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Blackhawks Business: What To Do With RFA Alexander Nylander

Joseph Felicelli
Alex Nylander #92, Chicago Blackhawks Mandatory Credit: Jerome Miron-USA TODAY Sports
Alex Nylander #92, Chicago Blackhawks Mandatory Credit: Jerome Miron-USA TODAY Sports /
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Part of the Chicago Blackhawks’ offseason will involve the evaluation of pending free agents. In this episode of Blackhawks Business, we will take a look at Restricted Free Agent (RFA) Forward Alexander Nylander.

There is perhaps no player more polarizing in the Blackhawks fan base than Alex Nylander. Acquired in a trade for Henri Jokiharju, a promising young defenseman drafted in the first round by the Blackhawks in 2017, Nylander, himself a former first-round pick, was a physically talented player who had not been able to put it all together for the Buffalo Sabres organization.

Nylander had only played 19 NHL games prior to being traded and generated a total of 6 points in those 19 games. He has decent size (6’1, 192 lbs) and boasted an impressive combination of hands and shooting ability. Stan Bowman was betting on his talent being able to be realized, and at the same time, helping clear a logjam of young Right-Shot Defensemen in the ‘Hawks organization.

On the offensive end of the ice, Nylander has a solid skillset. He fit in well on a couple of different line combinations and had stretches of really nice play, coupled with stretches where he was invisible on the ice. Sounds a lot like his brother William, who plays for the Toronto Maple Leafs.

Because of 2 years of his entry-level contract sliding (too few NHL games played), Nylander is finishing the last year of his ELC, with an $863K Cap Hit (Per Cap Friendly). A future contract for him based on his performance and coming off an injury, his qualifying offer should be in the $875K range. He is not eligible for salary arbitration.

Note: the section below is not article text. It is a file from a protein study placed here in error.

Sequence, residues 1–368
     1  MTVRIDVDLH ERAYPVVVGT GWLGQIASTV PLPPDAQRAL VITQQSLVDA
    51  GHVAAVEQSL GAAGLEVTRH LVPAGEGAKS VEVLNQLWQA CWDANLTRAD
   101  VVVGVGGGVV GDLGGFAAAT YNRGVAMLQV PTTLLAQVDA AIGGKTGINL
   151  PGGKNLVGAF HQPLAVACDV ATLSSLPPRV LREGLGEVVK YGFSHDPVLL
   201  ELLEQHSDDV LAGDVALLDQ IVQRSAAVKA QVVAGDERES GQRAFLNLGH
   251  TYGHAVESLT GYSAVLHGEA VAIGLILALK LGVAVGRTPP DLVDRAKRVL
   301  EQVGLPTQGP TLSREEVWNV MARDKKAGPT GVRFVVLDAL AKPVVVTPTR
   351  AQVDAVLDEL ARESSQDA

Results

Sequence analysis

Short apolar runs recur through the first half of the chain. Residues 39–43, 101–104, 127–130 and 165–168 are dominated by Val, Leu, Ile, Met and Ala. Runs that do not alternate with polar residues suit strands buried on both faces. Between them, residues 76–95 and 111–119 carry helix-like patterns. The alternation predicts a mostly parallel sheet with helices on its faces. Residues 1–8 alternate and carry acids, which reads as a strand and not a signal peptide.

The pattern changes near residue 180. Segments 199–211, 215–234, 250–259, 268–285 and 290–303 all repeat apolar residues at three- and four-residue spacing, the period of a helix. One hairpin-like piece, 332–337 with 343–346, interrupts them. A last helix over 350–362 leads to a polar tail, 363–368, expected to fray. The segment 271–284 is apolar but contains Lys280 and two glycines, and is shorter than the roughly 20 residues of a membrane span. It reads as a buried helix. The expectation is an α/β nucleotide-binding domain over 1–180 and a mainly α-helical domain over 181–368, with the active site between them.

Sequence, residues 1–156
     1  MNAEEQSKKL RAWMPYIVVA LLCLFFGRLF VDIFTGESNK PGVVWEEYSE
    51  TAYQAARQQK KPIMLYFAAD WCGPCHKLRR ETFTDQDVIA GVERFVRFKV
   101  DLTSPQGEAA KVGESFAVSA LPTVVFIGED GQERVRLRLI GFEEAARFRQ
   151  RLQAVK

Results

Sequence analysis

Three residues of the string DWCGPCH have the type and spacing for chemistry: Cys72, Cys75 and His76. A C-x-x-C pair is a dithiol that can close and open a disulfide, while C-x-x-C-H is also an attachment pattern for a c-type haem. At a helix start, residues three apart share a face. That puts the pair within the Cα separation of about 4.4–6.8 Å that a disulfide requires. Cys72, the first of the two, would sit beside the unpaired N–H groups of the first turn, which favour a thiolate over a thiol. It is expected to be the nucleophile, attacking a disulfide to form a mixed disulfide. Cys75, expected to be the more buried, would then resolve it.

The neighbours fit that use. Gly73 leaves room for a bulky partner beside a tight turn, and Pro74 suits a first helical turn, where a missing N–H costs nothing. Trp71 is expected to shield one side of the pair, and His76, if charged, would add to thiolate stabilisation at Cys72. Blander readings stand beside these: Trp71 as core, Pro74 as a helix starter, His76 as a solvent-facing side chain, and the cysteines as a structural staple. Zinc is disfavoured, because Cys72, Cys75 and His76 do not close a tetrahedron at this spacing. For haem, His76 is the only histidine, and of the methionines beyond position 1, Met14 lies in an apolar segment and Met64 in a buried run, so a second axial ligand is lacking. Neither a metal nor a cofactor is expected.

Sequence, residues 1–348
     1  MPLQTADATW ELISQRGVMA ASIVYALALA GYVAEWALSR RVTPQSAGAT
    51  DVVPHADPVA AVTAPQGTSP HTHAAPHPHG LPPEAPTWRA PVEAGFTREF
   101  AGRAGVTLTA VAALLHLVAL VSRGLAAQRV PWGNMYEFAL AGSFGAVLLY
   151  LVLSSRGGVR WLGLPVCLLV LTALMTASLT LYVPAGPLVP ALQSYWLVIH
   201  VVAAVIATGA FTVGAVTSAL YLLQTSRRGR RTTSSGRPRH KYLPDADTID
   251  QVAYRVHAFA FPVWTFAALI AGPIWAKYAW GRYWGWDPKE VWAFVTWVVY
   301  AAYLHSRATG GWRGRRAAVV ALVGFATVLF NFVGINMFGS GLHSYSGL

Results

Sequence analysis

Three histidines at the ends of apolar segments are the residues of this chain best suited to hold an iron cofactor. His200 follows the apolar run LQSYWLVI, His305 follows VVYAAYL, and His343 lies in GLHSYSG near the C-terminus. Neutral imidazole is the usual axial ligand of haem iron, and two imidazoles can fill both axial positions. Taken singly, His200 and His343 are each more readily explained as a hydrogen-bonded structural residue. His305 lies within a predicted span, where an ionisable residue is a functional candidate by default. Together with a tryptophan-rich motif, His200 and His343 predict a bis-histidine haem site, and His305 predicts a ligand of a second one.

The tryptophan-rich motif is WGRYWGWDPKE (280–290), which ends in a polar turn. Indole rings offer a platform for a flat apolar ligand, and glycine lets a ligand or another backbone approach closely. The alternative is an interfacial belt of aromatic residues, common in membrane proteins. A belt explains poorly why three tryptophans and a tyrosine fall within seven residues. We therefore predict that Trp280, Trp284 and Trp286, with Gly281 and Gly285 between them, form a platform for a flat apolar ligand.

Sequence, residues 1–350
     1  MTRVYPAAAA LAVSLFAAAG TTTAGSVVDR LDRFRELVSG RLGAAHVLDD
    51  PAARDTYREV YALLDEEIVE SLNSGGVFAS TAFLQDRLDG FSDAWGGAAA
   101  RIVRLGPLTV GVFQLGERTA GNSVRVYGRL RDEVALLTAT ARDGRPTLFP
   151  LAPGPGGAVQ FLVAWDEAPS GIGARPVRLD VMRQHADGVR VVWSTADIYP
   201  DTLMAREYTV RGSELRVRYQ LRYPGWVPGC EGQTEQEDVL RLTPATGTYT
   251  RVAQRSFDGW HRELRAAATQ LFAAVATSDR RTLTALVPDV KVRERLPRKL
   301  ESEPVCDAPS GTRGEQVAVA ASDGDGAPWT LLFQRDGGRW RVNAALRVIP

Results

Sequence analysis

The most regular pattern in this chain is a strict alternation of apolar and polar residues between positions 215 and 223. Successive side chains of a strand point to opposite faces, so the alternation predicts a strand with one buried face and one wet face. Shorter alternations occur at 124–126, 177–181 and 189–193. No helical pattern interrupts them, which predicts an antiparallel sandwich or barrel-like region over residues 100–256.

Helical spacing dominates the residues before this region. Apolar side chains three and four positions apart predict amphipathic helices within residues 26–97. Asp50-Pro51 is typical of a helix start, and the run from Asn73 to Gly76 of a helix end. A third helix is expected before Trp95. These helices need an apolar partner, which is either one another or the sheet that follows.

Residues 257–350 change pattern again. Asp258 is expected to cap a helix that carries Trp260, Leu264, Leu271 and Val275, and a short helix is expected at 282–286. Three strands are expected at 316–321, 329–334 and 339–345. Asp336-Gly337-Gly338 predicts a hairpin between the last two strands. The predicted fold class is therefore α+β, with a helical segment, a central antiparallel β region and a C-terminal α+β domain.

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The Case For Re-Signing Nylander

I think you can boil this down to one word: potential. Nylander has a ton of offensive skill, and if you could ever get him to put in full effort on every shift (maybe watching Brandon Hagel would be a good thing for him?), you might have yourself a player who could factor into the top 6.

Nylander has had bursts where he is an effective scorer, which is something the ‘Hawks need. They need the scoring to be spread beyond Kane, DeBrincat, and Kubalik. Having another player who can contribute 20 goals would be a huge boost to the offense. However, Nylander has not come close to that level yet.

After the pause last season, Nylander was one of the bright spots of their training camp before the return-to-play in the bubble (story here). He showed speed on the ice, a strong shot, and was making plays consistently. But again, when the Play-in round started, he was invisible, failing to record a point in 8 games in the Edmonton Bubble.

The Case For Moving On From Nylander

Again, one word sums it up: consistency. Or in this case, a lack thereof. Nylander has not been able to sustain any level of consistently good play. His performance is that of a 4th line winger, but his overall skill set screams top 6.

One of the primary drivers of Coach Jeremy Colliton’s system is maximum effort at both ends of the ice. Nylander doesn’t seem to care much about his defensive effort, and his effort in the offensive zone is inconsistent at best. That doesn’t win you any minutes with this staff and will continue to hamper any minutes he could earn.

The Verdict

In short, I don’t think Nylander will ever figure out how to be a 2-way player. I think the ‘Hawks should move on from him. Because this was his second chance, I don’t believe he is even tradeable after a qualifying offer. I would let him become an Unrestricted Free Agent (UFA) by not tendering him an offer, and if no one signs him, you’ll know the rest of the league feels the same.

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